Though Schools Minister Nick Gibb insists it is a “challenge we’re managing”, rather than a “crisis”, (TES 3rd July 2015), the issue of teacher recruitment and retention is currently exercising many schools and headteachers. If the success of students is so closely bound up with the quality of teaching, how can we ensure that we attract sufficient numbers of teachers of the right calibre, with the greatest potential? How can we continue then to develop them effectively in post, and retain them so that their growing confidence and competence ensures school stability? And what happens when our capable and valued staff reach the stage of their career where they are definitely ready for a fresh challenge in a new context? Can we be sufficiently selfless and open-minded to give them the “positive push” they may need to expand their horizons and move elsewhere?
It may seem counter-intuitive to a school leader who is committed to doing all in their power to secure their own school’s success, but sometimes good people do need to move on. Internal promotion and being offered the chance to take on new challenges within your current school are important opportunities for growth, helping you to build your range of skills and to demonstrate your versatility. But there is something to be said for experiencing a number of different schools if you are to develop the breadth of experience and a healthy overview of the educational landscape – the wider perspective that ensures you appreciate the Big Picture and that you do not become entrenched in the context of one particular school. There are different ways of doing things, and sometimes it takes a change of school to help us fully to appreciate this.
Successful school leaders are, in my experience, adept at spotting potential and predicting future capacity – sometimes even before those concerned recognise it themselves. If you are currently a middle leader, senior leader or a head, ask yourself who are the most talented staff (both teaching and support staff) within your current team. How might further responsibility help these staff to find increased professional fulfilment? It may be that the opportunities to take on new middle or senior roles simply are not going to materialise at the right time within their current school. If individuals are in need of a fresh challenge, can you encourage, support and prepare them to look for such challenge beyond the school, sorry though you may be to lose them?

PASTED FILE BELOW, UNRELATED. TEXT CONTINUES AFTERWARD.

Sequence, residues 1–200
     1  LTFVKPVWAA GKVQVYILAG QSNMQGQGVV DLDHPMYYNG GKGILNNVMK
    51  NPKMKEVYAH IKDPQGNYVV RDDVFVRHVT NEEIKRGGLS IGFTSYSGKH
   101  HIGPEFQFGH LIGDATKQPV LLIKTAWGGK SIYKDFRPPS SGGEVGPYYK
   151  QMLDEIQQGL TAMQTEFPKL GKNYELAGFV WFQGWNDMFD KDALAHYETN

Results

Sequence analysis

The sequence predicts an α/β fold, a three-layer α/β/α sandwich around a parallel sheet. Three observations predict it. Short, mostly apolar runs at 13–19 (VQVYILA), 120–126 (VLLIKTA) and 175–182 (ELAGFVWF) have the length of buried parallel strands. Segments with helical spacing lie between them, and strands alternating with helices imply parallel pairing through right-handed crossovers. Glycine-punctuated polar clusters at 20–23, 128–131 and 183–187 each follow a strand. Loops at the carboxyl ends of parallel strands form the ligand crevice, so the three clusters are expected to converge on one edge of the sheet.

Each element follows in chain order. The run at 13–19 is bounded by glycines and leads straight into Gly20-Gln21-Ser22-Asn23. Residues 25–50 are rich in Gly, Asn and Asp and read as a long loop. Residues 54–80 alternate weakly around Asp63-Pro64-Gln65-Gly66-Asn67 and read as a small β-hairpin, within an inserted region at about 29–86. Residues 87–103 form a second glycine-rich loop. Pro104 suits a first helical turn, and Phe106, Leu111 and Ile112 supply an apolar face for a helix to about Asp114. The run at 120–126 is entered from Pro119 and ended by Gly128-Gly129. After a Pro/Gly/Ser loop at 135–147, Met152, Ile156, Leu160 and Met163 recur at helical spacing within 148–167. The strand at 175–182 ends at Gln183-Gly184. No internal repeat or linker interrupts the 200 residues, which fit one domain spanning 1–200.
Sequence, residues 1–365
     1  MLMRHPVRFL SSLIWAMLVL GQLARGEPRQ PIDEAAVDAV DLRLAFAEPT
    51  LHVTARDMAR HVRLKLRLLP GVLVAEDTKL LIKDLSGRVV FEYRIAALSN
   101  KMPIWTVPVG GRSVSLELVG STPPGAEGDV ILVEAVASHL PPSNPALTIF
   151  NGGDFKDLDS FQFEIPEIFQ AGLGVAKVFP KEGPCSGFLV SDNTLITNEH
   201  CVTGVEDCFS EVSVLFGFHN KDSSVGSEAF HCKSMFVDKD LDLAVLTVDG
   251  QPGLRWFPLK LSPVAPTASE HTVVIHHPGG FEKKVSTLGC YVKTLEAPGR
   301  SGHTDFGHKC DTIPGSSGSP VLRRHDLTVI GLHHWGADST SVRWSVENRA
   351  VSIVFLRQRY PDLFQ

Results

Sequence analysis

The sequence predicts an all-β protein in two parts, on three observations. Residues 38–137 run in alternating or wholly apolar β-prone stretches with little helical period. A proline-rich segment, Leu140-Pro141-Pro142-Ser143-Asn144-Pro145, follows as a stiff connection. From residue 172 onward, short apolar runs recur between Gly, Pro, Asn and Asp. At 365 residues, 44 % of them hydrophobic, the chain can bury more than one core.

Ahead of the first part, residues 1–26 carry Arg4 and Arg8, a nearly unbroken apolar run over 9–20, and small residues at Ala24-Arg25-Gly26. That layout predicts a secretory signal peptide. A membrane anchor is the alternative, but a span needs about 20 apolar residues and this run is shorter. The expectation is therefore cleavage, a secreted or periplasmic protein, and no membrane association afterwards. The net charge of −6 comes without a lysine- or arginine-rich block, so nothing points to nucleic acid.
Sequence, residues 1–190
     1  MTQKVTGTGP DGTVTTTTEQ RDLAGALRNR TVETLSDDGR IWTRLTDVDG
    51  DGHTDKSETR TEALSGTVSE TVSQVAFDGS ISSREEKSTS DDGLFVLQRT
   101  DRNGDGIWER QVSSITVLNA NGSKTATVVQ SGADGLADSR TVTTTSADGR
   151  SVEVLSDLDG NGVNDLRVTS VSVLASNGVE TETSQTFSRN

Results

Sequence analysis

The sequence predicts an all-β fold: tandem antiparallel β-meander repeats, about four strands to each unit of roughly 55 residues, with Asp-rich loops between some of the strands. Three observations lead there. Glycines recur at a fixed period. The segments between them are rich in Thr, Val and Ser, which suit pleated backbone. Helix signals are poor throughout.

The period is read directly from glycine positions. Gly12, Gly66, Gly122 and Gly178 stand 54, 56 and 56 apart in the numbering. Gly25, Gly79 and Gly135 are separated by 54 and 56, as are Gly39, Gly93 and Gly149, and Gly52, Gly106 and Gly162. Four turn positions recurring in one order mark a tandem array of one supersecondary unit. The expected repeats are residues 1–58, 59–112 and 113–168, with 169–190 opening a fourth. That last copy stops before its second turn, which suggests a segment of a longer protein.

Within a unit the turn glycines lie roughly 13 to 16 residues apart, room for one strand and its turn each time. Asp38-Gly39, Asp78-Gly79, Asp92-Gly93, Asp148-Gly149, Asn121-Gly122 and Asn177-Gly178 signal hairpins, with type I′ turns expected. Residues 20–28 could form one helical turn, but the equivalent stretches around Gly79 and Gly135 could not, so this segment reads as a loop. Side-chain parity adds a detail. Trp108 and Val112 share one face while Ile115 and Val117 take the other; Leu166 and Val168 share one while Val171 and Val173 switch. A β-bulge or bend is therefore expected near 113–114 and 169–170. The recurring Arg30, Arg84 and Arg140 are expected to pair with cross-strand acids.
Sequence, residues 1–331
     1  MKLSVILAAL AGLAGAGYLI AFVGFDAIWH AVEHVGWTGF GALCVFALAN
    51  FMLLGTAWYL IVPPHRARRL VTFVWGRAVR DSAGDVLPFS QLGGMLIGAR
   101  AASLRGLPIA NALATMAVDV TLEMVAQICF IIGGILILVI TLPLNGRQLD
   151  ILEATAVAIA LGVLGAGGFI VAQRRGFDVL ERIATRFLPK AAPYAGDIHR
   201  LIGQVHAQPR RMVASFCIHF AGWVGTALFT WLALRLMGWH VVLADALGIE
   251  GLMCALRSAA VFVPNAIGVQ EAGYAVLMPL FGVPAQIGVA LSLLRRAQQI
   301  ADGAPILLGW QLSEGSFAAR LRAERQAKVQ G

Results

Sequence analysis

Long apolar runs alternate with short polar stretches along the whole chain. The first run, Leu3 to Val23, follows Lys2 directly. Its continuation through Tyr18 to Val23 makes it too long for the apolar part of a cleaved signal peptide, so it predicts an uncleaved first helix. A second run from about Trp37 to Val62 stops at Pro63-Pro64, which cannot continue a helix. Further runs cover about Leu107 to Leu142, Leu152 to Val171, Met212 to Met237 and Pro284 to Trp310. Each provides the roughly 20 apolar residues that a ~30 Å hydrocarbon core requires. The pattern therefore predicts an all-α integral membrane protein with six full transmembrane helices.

Consider the following, perhaps:
Being known as a school which is committed to the personal and professional development of all staff, enabling them to achieve even greater things elsewhere in due course, is a positive testament to your wider commitment to education which can actually support future staff recruitment. Others may be keen to apply for roles at a school which is known for successfully growing leaders.
We are all educators with a conviction that all children deserve the best educational opportunities, whichever school they attend. Helping to secure a supply of good school leaders in the future by investing in staff potential at all levels is part of our wider responsibility.
Those who are capable of undertaking such new challenges are likely to feel even more highly valued by the demonstration of your confidence in their capacity to do so. Having such conversations about future career development can be a positive way of ensuring staff morale is buoyant.
In addition to having this dialogue about future professional potential, it is important to offer practical advice and support about how they might prepare themselves for such a move. This might include being prepared to read and comment on draft letters of application, discussing interview technique and even arranging for them to have a practice interview. Those considering moving on may also need guidance on finding the right post in the right school at the right time.
School leaders looking back at their own career may recognise how they were, themselves, supported and encouraged by role models and mentors over the years. This may have helped them to make the right move at the right time. If we have benefited from the “positive push” ourselves, this may be the most powerful demonstration of why this is a service we should now be prepared to offer to others.
As James Hunter would have it, “If you love someone, let them go…”